Poynter recounted Shawna Malvin Redden's first-hand experience on how quickly the press can pick up material from social media websites and use it in news reporting. When her plane emergency landed in Yuma, Arizona, because of a hole in the fuselage, Redden updated her Twitter account with pictures of the damaged plane. During the two hours the passengers waited for another plane to arrive, her photos started circulating in the Internet, ending up on sites such as CNN. At least two other passengers had their photos picked up by the news media as well.
Redden's case not only illustrates how the press can get material from social media quickly and easily but also raises pertinent questions about copyrights\. According to Redden, some news organisations used her images without asking permission, and only one, Reuters, offered to pay her.
Poynter's article points out that there is little consensus in the news business on how copyright laws should be understood when dealing with photos on content-sharing websites. In an urge to get material published as quickly as possible, many online news services are willing to gamble by using photographs without permission and hoping that the photographers either will not notice or not understand that their copyright has been violated.
In general, photographers maintain the copyright to images they post on social networking sites. This copyright was confirmed in court last year as photographer Daniel Morel made a copyright claim against AFP, who had used his photos of the Haiti earthquake that he had posted on Twitter without permission. AFP defended itself by arguing that photos posted on Twitter are essentially free for the taking, but the court ruled that Morel could move ahead with his copyright claims, PaidContent reported.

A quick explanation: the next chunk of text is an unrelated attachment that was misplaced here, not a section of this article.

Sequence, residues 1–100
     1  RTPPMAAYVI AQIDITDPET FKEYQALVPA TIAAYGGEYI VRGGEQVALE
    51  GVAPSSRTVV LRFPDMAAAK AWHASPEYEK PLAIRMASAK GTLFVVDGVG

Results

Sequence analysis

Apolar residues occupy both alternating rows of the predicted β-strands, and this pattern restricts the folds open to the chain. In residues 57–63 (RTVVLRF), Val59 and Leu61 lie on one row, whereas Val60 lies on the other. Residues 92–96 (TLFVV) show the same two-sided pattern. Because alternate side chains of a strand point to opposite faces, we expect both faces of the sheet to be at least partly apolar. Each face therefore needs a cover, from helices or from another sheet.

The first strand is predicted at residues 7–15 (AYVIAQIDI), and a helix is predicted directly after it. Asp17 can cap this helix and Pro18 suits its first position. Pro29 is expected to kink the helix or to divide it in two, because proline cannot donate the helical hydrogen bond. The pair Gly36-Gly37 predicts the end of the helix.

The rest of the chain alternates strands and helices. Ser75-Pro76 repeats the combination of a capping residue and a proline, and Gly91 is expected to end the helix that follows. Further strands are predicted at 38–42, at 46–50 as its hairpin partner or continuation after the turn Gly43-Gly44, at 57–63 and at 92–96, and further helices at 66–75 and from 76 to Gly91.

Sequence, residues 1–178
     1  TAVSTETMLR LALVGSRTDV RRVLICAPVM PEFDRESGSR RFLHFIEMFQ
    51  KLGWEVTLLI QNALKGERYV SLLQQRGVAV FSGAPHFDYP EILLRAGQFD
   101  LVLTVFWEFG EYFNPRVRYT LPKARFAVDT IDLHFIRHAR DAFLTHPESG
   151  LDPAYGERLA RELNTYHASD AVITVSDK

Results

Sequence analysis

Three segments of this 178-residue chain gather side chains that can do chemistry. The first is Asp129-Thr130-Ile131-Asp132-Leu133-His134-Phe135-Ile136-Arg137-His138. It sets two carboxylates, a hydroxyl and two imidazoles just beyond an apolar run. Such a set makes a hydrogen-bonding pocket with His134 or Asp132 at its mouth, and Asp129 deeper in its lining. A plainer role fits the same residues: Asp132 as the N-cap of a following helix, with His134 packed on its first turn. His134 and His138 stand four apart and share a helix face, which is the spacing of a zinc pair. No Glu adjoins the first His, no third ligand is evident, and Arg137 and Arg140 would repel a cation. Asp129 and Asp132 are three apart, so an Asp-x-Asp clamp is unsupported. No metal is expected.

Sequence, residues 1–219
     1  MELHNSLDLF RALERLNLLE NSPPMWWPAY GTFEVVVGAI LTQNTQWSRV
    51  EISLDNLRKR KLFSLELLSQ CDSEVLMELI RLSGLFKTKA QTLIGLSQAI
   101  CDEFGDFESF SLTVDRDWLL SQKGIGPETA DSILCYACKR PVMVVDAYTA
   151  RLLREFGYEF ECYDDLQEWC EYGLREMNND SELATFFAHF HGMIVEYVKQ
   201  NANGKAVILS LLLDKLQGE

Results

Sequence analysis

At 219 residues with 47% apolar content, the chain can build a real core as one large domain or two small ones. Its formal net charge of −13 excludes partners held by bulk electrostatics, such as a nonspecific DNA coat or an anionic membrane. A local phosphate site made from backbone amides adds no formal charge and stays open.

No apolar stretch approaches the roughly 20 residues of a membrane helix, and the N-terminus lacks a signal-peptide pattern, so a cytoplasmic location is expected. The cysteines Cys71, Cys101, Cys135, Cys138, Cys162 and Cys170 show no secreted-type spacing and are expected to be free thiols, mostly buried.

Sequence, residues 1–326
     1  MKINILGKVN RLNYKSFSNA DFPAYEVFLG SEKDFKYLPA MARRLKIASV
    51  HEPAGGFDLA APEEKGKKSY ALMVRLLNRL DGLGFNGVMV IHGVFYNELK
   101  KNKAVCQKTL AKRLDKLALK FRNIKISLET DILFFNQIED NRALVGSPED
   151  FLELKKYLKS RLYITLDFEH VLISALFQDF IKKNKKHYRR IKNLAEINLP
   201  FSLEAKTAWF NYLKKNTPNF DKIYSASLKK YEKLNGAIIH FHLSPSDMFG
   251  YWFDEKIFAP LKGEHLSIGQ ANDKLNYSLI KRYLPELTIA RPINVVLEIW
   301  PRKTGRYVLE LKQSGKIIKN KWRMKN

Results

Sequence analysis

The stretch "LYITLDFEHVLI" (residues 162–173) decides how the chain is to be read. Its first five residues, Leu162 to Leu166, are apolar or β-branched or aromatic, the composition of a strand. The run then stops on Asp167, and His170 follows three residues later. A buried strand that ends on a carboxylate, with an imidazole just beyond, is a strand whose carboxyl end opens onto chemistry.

However, the issue of copyright in the context of social media is a complicated matter for several interrelated reasons. One of them is the fact that the social media sites are themselves blurring the line between their functions as means of sharing personal information and real-time events. For example, Facebook launched a new site dedicated particularly to journalists last week, and during its five-year history Twitter has become inextricably linked with news reporting - a role the site has heartily embraced.
Different people are using services such as Twitter with increasingly varying intentions. On the one hand, Daniel Morel's case shows that professional photographers may use Twitter to distribute photographs professionally. On the other, Twitter played a significant role in the recent uprisings in the Arab world, as it is a powerful tool for spreading real-time information. Unlike professionals such as Morel, Rami Nakhle and Malath Aumran, who strive to tell the world of what is going on in their home country Syria, surely want their material to be as widely published as possible, free of charge.
Can social media sites find a way to satisfactorily meet both of these aims, ensuring both a free flow of information and a solid way of protecting copyright?